Why All the SEO Changes?

Posted on April 11th, 2014 by

Google continues going through great lengths to change SEO rules in hopes of preserving internet equality for all pages. This means that although one company may have figured out a way to use the latest Google algorithm to its advantage to get top listing, SEO changes dictate it won’t stay that way for long.

To understand why Google keeps us all on our toes, a history lesson may be necessary. In the before time (i.e. 2007), nearly three-quarters of Americans came down with a terrible case of “search engine fatigue,” according to a landmark Autobytel study. The symptoms, similar to the plague sans the boils, included a persistent inability to find what they were looking for in the first three pages of Google due to advertising overload.

In those days, a page’s number of inbound links determined its ranking. Such a ranking system would be sound if the internet was the judicious place we all hope it to be.  However, intelligent advertisers soon found ways to boost their searchability by mining inbound links (where companies would actually pay to have thousands of links added to their pages to boost its SEO rankings)—but were we finally out of the search engine dark ages?

The Renaissance shift only occurred once Google began to value answers over inbound links. Before this, fresh relevant content rarely made the front page because it lacked the inbound links older content naturally acquired over time.

To stay relevant, Google started calculating answers to specific queries for users. In between the sponsored and algorithmically generated search results, Google inserted a little area that would directly answer a user’s question, like something along the lines of: By asking, “What time is it?” Google will directly answer—3:20 PM / Friday, April 11, 2014 (CDT) / Time in Austin, TX, or Google will solve mathematical equations without needing to refer you to a site.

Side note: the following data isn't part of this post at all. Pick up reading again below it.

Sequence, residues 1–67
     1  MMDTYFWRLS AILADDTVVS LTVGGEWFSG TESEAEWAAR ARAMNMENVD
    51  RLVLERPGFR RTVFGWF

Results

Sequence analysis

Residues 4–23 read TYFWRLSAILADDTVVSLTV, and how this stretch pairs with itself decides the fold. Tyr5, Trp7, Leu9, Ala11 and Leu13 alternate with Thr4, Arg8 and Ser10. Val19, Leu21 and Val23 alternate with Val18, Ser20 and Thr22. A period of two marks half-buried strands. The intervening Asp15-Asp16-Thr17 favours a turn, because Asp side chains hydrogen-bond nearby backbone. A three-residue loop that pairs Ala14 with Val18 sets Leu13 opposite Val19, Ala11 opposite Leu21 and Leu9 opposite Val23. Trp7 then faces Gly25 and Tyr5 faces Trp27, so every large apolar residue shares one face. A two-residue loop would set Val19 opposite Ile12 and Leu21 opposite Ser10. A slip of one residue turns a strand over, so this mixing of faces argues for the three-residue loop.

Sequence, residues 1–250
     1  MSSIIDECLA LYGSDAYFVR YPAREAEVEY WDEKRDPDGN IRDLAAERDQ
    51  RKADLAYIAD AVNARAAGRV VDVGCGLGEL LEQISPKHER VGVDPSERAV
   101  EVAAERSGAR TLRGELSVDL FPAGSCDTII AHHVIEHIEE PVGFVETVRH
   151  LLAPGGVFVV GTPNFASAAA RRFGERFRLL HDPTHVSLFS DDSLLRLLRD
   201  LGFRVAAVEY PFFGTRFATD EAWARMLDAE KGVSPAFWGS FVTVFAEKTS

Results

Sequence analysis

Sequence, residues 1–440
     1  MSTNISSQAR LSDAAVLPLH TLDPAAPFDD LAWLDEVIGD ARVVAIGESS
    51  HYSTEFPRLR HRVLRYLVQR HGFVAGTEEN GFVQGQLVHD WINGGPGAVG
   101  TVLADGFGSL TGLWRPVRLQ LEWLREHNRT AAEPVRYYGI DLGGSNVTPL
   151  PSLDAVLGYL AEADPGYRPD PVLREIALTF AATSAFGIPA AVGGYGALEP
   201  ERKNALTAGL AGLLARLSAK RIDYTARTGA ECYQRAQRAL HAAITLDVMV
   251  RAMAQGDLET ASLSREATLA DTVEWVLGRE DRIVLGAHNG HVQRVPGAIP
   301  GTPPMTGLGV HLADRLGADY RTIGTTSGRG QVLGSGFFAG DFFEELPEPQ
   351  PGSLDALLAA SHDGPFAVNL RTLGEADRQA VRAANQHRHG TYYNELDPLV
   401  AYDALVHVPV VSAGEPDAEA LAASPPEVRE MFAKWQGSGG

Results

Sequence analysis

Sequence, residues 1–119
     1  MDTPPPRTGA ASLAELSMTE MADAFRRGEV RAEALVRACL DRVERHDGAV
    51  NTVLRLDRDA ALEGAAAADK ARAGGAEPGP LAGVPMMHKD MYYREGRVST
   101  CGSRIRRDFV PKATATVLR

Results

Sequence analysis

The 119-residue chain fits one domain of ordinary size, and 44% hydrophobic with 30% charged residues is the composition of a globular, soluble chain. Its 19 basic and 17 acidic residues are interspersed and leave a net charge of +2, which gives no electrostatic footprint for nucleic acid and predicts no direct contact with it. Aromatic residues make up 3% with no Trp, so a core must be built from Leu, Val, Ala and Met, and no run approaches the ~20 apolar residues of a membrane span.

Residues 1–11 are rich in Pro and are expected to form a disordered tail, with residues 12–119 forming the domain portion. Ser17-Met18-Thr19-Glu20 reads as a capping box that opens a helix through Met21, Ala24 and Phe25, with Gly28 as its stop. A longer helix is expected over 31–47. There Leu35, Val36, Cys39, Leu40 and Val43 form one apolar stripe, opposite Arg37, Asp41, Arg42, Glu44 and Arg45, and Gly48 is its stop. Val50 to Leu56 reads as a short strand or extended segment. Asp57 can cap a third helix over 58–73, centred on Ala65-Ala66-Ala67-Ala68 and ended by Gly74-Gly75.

The answer service was very useful, but its utility often came at the disservice to the listed results, as users could shortcut visiting an actual website that also have answers to this information.

The latest Google algorithm sorts search results based on their utility, or ability to answer user questions. Google has held on to the direct answer box, because sometimes users need to know the time in Austin immediately, but now the search results that follow the box are tailored to the query needs of the user based on Google’s previous history of answering similar questions.

Here at AOI, we keep abreast of all of Google’s latest updates to keep our clients on top of search listings. With the latest switch, it solidified the work we have already been doing—keeping our clients pages useful and answering questions your clients are looking for. If you are currently in need of SEO services to boost your placement on Google, contact us today at (800) 221-8424 to schedule a free consultation.

Attorneys Online, Inc. – Legal Marketing Specialists



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